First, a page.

Then, the broker promptly went out of business, hijacking our masters, our printed material, and our money (as well as the masters and printed material for the Mommyheads’ Flying Suit CD, which we were making at the same time). If it wasn’t for the fact that the owner of the CD replicator finally took pity on me and agreed to make Nurture for free and Flying Suit at half price, we’d have gone bankrupt in 1994 and instead of writing about this record I’d be telling stories about my career in the cellular business, which was where I was working at the time.

Instead, Nurture came out, and partially because their style of twee pop was right up the alley of the kids buying indie rock records at the time, and partially because the distributors who carried Flying Suit ordered Nurture as well, we ran out. Not only that, but we also ran out of the Busy Work 7″, which we re-pressed (we never needed to re-press Nurture, thankfully).

At the time, I had this idea that every CD we did should have a “hidden track” at the end. At the time, Cuppa Joe had a semi-regular gig at an Irish pub in Trenton, and to play to the room, they learned a couple of Irish folk songs that they’d speed up and sprinkle into their set. One such song was called “Second Violin,” a traditional folksong popularized by an Irish band called Bagatelle. Cuppa Joe’s version was faster and noisier, actually more aggressive than just about any of their other songs. It quietly lived there, at the end of Track 13 on the Nurture CD.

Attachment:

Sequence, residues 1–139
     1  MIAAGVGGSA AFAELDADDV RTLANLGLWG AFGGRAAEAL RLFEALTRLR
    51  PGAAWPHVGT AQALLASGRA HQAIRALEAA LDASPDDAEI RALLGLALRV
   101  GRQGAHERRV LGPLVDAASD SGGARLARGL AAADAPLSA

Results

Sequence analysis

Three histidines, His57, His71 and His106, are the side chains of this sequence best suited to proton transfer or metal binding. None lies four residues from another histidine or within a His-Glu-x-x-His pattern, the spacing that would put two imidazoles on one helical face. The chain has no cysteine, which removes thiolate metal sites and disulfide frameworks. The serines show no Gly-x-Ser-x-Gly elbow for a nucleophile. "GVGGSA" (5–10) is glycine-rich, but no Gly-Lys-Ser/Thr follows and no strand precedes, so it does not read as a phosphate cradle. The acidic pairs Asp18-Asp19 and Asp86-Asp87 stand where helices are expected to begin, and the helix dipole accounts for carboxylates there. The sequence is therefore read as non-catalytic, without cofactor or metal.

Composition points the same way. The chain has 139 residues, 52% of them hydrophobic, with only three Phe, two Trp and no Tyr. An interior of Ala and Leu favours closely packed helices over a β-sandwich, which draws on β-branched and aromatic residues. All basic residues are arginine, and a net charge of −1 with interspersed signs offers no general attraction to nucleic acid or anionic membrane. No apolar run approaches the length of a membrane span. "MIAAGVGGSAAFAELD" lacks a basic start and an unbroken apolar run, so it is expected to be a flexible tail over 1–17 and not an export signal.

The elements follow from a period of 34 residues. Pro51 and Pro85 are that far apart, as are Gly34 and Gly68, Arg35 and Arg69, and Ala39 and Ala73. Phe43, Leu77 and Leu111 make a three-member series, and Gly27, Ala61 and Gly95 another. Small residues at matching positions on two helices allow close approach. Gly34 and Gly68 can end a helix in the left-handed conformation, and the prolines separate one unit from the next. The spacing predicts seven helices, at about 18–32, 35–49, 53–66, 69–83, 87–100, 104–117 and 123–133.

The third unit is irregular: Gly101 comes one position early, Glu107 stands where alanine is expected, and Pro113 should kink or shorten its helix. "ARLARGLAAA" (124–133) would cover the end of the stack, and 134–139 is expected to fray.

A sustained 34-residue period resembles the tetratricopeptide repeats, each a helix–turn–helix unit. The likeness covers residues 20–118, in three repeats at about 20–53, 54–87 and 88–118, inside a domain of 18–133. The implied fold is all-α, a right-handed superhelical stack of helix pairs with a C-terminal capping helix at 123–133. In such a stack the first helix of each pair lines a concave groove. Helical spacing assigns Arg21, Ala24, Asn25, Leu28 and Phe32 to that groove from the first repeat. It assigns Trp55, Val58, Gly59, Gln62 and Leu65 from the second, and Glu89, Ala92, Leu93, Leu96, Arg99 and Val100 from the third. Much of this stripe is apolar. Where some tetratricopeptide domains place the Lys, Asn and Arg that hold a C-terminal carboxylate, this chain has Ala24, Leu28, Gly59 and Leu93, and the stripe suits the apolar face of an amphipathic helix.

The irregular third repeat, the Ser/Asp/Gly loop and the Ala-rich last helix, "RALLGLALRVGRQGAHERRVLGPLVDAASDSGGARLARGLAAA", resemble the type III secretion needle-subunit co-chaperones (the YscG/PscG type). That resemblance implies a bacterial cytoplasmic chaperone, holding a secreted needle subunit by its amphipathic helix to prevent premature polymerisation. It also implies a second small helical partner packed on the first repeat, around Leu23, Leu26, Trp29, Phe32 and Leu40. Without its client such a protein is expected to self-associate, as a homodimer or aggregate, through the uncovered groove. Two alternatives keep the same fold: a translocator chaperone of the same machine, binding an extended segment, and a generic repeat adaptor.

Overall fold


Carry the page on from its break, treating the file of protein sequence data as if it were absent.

When we reissued an expanded version of Nurture in 2010, I had no clue how to deal with the mechanics of cover songs, paying royalties or acquiring licenses or anything like that – so we just left “Second Violin” off the reissue entirely. The song – one of the most fun Cuppa Joe songs – disappeared.

So here it is. You can’t download it, of course, but you can listen to it right here, as recorded for the 1994 CD Nurture.

Remember that if you choose to purchase Nurture, or any other title in our catalog, before Election Day, we’ll be donating all the proceeds to Swing Left in our quest to rid the planet of the orange menace and his minions.

Also remember that today is Bandcamp Friday, meaning that Bandcamp waives all its fees for purchases made today. This means that if you buy any downloads today, more money goes to the artist, and if you buy downloads from us, more money goes to Swing Left. On top of that, if you order a Dromedary t-shirt, we’ll donate five bucks for each one to Swing Left!

Cuppa Joe – “Second Violin”

~ by Al on October 2, 2020.